— Rev. Phil Hobson

July 26, 2015

John 6:1-21

Grace and Peace to you this morning. Grace and Peace.

I want to get to our Gospel lesson this morning, but I want to make a side trip through the prophets first. This is story of Elisha, Elijah’s protégé and successor, and it might sound a little familiar.

A man came from Baal-shalishah, bringing food from the first fruits to the man of God: twenty loaves of barley and fresh ears of grain in his sack. Elisha said, “Give it to the people and let them eat.” But his servant said, “How can I set this before a hundred people?” So he repeated, “Give it to the people and let them eat, for thus says the LORD, ‘They shall eat and have some left.'” He set it before them, they ate, and had some left, according to the word of the LORD. (2 Kings 4:42-44)

There are more than a few parallels between Jesus and Elisha, the feeding of many with just a little bread being a part of it.

Elisha is for me something like a guilty pleasure. The stories read like fables, like folk-tales or myths. Some children mock Elisha for his baldness and he calls bears from the woods and they come and eat the children up. No explanation is given for the story. It is certainly not a “go thou and do likewise” kind of lesson. And that story has been used to show the violence of the Bible and of this “man of God,” and therefore God. And it has been quoted to show the ridiculousness of the Bible.

I have no answer to those charges. Personally, I believe it is one of those stories that gets told to say, “You do NOT want to mess around with this guy or his God.”

The church in Dallas had a lovely railing on a lovely cement patio, just off of a circular drive. This meant we had skateboarders. And while I had no problem with them skating in the drive, I was worried about them using the rail and jumping. So I told them that we had had a kid do that and broke his arm and we did not want to see that happen again. I am sure that when I face the judgment seat I will have worse things to answer for than this little judicious duplicity, this little white lie to try and scare kids into not skating the rail at the church. I wonder if the bear story isn’t a bit like that.

So the first fruits of the harvest are to be given to God, which means they are brought to the man of God, Elisha. And Elisha says, “Give it to the people and let them eat.” But what is this, and how is it going to feed so many? And the prophet repeats himself. Have you noticed that when a parent has to repeat something they tell a child to do, the tone of voice often changes, and there is usually a little bit added on to the end?

Give it to the people and let them eat,
for thus says the LORD,
‘They shall eat and have some left.’

The prophet has proclaimed that the Lord will provide leftovers, and when they eat, there are leftovers.

The New Testament, and particularly the Gospels, quote and echo and retell the stories from the First Testament all the time. It occurred to me reading these two stories together that the reason for this is that the church has not changed much over two thousand years, and people of faith have not changed much in three thousand years.

“How can I set this before a hundred people?” asks the man before Elisha.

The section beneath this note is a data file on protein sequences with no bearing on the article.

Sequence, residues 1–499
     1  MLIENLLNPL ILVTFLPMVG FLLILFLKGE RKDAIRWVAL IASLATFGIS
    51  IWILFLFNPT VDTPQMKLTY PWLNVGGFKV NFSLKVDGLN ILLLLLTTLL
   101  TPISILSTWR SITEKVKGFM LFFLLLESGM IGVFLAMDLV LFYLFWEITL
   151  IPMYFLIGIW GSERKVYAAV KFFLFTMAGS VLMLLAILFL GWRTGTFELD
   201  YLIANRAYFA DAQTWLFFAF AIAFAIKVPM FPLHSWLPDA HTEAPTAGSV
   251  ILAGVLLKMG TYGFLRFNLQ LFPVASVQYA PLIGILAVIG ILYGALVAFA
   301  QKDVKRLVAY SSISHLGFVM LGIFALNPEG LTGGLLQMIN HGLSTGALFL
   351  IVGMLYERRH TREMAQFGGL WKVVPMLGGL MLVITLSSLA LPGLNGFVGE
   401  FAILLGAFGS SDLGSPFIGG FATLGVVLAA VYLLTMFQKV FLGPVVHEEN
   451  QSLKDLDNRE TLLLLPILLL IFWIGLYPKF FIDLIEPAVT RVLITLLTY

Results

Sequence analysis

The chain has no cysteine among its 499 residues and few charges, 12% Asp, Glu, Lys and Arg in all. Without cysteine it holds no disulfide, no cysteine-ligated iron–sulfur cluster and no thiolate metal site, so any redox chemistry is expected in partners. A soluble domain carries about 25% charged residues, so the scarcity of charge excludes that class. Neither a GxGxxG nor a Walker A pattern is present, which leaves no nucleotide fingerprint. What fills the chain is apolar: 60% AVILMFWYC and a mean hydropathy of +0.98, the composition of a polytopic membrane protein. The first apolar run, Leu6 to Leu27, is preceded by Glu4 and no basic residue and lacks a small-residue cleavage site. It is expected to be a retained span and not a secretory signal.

Jesus tests Philip with the question, “Where are we going to buy bread for these five thousand hungry people?” Philip fails the test. He replies, “Six months’ wages would not buy enough bread for each of them to get a little.”

The reason that the Gospels quote and echo and retell these stories is because people still think it cannot be done. There is not enough food for all the hungry. There are not enough clothes for all the naked. There is not enough fresh water for all the people. There is not enough in the offering plate to do all that God calls us to do. (All together now!:) “We’ve never done that before!!”

Elisha does not care. Jesus does not care. God does not care. Oh, they do care for the feeding of the hungry and the clothing of the naked and the visiting of those who are sick or in prison. But they do not care about excuses that there is not enough bread. Because this is Jesus, and Jesus is in the feeding the hungry business.

Because this is God. And this is God’s embarrassing abundance. Embarrassing, because it is beyond our ability to tally or control or ration or rationalize. Abundance, because when Jesus takes the bread, gives thanks for it, and gives it out, there are leftover. Twelve baskets worth. Enough for the five thousand, and a basket left for each of the tribes of Israel.

Gather up the fragments left over,
so that nothing may be lost.

I do not believe Jesus is only talking about bread now. How often do we feel fragmented? How many families are fragmented now? How fragmented is the body of Christ, the church, over theological arguments, while there are still hungry people all around every church building in Charlotte, in Michigan, in the United States, in the World?

To cap off the embarrassing abundance of God, the disciples are straining against another storm in their boat. You might remember what I said a few sermons ago that the place we gather, the Nave of the church, comes from the same word as Navy. So the people of faith are straining against another problem in the church.

And here comes Jesus, calmly walking over the waters against which we struggle.

It is I; do not be afraid.

And immediately they get where they were going. The question is not where they were going. The question is how we keep our eyes on Jesus. Because Jesus feeds the world with God’s embarrassing abundance. Jesus gathers us in no matter how much we feel like the leftovers. And with Jesus, we are right where we need to be, so that we can get back to feeding people.

Because none of God’s children are leftovers.

Thanks be to God. Amen.